A beautiful composition, but incomplete
There is no doubt that “The Time of the Blood Moon” is a huge work, and we have the opportunity to encounter such films very often in cinema today. Through sweeping camera movements, Scorsese creates something resembling a Western ideal, which can be a fascinating topic for analysis and discussion. But cinema is not just about breaking down a film into its elemental factors, but above all about getting emotional and getting involved in the plot. There’s an obvious problem with this, because it’s hard to commit to something one hundred percent and stay focused for three and a half hours.
The huge size doesn’t work in the film’s favor. Scorsese doesn’t avoid long plots that follow the same steps over and over again. What’s also confusing is the suspension of “Time…” between several musical genres, none of which resonate completely. Let us not deceive ourselves that the director invites us to an interesting investigation into the mysterious deaths of Indians. This mystery is deliberately solved by Scorsese before we even reach the middle of the film. The problem is that the director does not compensate us for this missing drama until the end of the film. Even in its final hour, when the pace increases significantly.
It is at this point in the film that the threads of the FBI investigation and trial emerge, which Scorsese barely passes over. It’s even more unfortunate that the acting episodes of Jesse Plemons and Brendan Fraser were wasted.
De Niro is the best he’s been in years, DiCaprio is in Oscar form, and Gladstone isn’t necessarily in the shadow of either man
But who would feel a lack of acting quality with DiCaprio and De Niro at their disposal? Both men played together 30 years later and for the first time in such a combination under Martin Scorsese. Even if we are overwhelmed by the film’s huge size, the plot makes us lazy, and the unhurried pace weakens our concentration, this duo is worth overcoming these annoyances. DiCaprio gets to play one of the most complex and psychologically complex characters of his career, and De Niro gives his best performance in many years recently spent wandering around in trashy comedies and mediocre “action movies.”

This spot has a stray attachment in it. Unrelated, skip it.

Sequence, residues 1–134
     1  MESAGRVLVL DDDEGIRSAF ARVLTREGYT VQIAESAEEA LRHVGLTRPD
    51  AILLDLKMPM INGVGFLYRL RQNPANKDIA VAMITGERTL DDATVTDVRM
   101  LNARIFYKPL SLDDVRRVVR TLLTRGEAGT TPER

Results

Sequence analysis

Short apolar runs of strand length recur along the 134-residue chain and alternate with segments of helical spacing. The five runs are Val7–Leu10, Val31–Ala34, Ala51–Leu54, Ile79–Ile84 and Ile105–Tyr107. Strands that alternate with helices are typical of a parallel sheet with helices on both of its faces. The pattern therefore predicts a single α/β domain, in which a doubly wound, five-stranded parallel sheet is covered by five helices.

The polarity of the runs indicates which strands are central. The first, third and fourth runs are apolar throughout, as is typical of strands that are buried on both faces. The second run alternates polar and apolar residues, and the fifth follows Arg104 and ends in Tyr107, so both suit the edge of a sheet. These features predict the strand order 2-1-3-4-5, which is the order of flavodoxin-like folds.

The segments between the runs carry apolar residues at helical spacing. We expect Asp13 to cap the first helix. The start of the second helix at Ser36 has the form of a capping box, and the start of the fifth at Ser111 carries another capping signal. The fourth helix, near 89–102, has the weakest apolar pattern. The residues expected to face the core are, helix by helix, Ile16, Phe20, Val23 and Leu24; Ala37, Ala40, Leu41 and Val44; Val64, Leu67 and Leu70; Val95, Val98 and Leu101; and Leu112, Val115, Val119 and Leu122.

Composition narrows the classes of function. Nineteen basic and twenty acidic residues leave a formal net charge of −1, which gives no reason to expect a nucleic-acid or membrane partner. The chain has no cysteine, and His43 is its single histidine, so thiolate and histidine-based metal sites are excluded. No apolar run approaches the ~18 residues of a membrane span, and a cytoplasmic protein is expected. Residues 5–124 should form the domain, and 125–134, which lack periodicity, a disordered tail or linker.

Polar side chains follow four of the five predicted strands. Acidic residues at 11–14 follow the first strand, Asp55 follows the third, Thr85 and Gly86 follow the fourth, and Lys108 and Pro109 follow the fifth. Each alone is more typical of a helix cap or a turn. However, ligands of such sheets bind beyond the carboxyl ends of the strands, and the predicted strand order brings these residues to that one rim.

The younger actor plays Ernest, a World War I veteran who, after returning to Oklahoma, finds himself under the guardianship of his uncle (De Niro), who has control of the entire city and is sneakily trying to take over the Osage. Lands. It is “The King”, as the locals call him, who wants to set Ernest in a relationship with Molly (just as distinguished as the above-mentioned gentlemen). Lily Gladstone), heir to a large fortune. The main character will soon have to decide who he wants to be loyal to – the woman he loves or his uncle, who unscrupulously eliminates the men of the Mauli tribe through a web of conspiracies and criminal arrangements.
A bemused DiCaprio, a diabolical De Niro (although submissive from beginning to end) and a “proudly suffering” Gladstone are the faces of “Bloody Moon” that remain in the memory long after the screening. You will also feel a little dissatisfied, because although Scorsese is close to perfection and impresses with his directorial courage (a brilliant and original idea with a finale), – just like in “The Irishman” – he again does not know moderation and sometimes forgets about the scenes. These scissors may be useful, but only for cutting the film strip.